Bolan: A Tremendous Valley
Bolan: A Tremendous Valley
The rugged mountains of Bolan pass serve to link South Asia with Afghanistan and the Central Asian States. Commonly known as Bolan and officially Kachhi is located in the center of Balochistan. East of Sarawan and Jhalawan the terrain drops almost to zero height, there lies the piedmont plain of Kachhi, and the total northern part is attached to Sibi, one of the hottest regions of Pakistan. Kacchi is about 8,036 km², sloping from an elevation of about 150m at Sibi in the north to 50m at Jacobabad in the south. Its population is about 237,030 (2017).
The Deputy Commissioner’s office started functioning on 17 May 1992, Bolan became one of the four districts of Naseerabad Division.
The National Highway connecting Jacobabad with Quetta is passing from Bolan District for a length of 110 KMs. Similarly, railway lines for a length of 110 KMs also passing from hilly areas of tehsil Mach district Kachhi. Besides the link road connecting tehsil headquarters with district headquarter is also constructed out of which Bakhtiarabad, Bhag, Chandar, Dingra, haji Shahar, Dhadar, Mashkaf Dhadar, Sanni, Bibi Nani, Kirta are popular ones.
It is submitted that the old name of the District is Kachhi. This area has a great history because it is home to the archeological site of Mehrgarh. One of the most important Neolithic sites in archaeology lies on what is now the Kachhi Plain of today’s Balochistan, Pakistan. This part of the world was one of the earliest regions with evidence of farming and herding found.
The province of Balochistan has been blessed with many natural resources, in addition to natural gas, there are many minerals other than fuel, metal, or gemstones that have their commercial values. But the Kachhi or Bolan District has many minerals or natural resources as the other parts of Baluchistan have, the natural resources in this very district include Crude oil, Coal, and Calcite.
Bolan Pass is a high mountain pass at an elevation of 1.793m (5,884ft) above sea level located in Balochistan province in western Pakistan. The pass has been used as a gateway to and from South Asia. Located within the Toba Kakar Range of Balochistan province, the pass sits 120 kilometers far from the Afghanistan border. At a distance of 120 km from the border of Afghanistan, Bolan Pass connects the Jacobabad and Sibi to Quetta city. This pass has a significant historical background being a mountain pass, which connects Central Asia and South Asia.
The Kachhi district got a canal from the Indus River in the 1930s and since then the southern part has become the most productive agricultural part of Balochistan. Cultivation in Bolan District depends on harnessing the July and August floods results from the monsoon on the hilly areas, because there is less than 100mm of rain on the plain. The two rivers here are Bolan and Nari. The people and farmers there construct huge docks or banks across the dry riverbed to pave the way for the diverted flooded waters. As the fields get watered, they break small dams and let the water run forward in steps, these floods also help in growing crops in Bolan. This is one of a few sources of living and earnings for the people living in Bolan District.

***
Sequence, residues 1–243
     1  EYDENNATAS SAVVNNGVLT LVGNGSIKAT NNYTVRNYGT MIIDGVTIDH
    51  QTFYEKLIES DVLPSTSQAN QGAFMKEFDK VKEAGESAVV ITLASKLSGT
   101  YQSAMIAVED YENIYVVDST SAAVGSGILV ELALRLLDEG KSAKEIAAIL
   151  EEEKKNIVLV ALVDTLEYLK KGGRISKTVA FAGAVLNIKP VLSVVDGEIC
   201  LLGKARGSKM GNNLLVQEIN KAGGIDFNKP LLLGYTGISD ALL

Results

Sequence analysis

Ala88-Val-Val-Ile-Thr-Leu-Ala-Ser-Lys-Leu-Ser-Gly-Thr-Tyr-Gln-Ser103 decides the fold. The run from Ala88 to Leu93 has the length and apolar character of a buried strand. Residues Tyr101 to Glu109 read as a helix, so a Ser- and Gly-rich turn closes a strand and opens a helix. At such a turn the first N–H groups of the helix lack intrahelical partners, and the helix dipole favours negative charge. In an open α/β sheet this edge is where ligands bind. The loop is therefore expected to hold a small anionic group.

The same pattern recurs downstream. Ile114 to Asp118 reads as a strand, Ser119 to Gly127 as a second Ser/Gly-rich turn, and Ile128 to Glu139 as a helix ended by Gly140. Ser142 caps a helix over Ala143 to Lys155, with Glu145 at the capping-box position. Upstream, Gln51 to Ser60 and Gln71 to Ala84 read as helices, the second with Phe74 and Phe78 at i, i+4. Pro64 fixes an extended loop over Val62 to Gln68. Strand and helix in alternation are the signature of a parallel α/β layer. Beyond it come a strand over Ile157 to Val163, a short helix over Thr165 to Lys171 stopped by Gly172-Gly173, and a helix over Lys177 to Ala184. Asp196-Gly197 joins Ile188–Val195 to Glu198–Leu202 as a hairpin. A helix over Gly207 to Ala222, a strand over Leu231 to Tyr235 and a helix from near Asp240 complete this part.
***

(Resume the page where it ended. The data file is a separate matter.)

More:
All crops of Kharif and Rabi are grown in the district. Rainwater is also a major source of irrigation. The farming of livestock is common in District Bolan. Many tribes are involved in this business and earn a livelihood through this means.
The people of Bolan are no different from the rest of the province, most of the people still rely on the nomadic lifestyle. Camels are their companions of nomads, the long travel across the region is done mostly on camels. Some people depend upon coal mining.
The major tribes of this area are the Rind, Raisani, Bugṭi, Sumalani, Satakzai, Bangulzai, etc.
The railway track is extending from Sibi to Nari Bank. It has a station in mashkaf. After that, it has a stop in Pero Kunri.it has a track from Peshi to Ab-e-Gum and then Mach. Hilly areas and Sar –e- Bolan to Hirock (Hirak) and Dozaan. The last stop of Bolan is in Kolpur.
District Kachhi is more prone to flash floods. The other potential hazards such as drought, coal mines accidents, fire, and road accidents also affect the district. There is little awareness regarding natural hazards or disasters and people are generally living in vulnerable areas. Harsh climate, poor communications, and transport infrastructure are also not very much developed making them very much vulnerable in case of any disaster.
The author is a student of environmental science at Sardar Bahadur Khan Women (SBK) Women University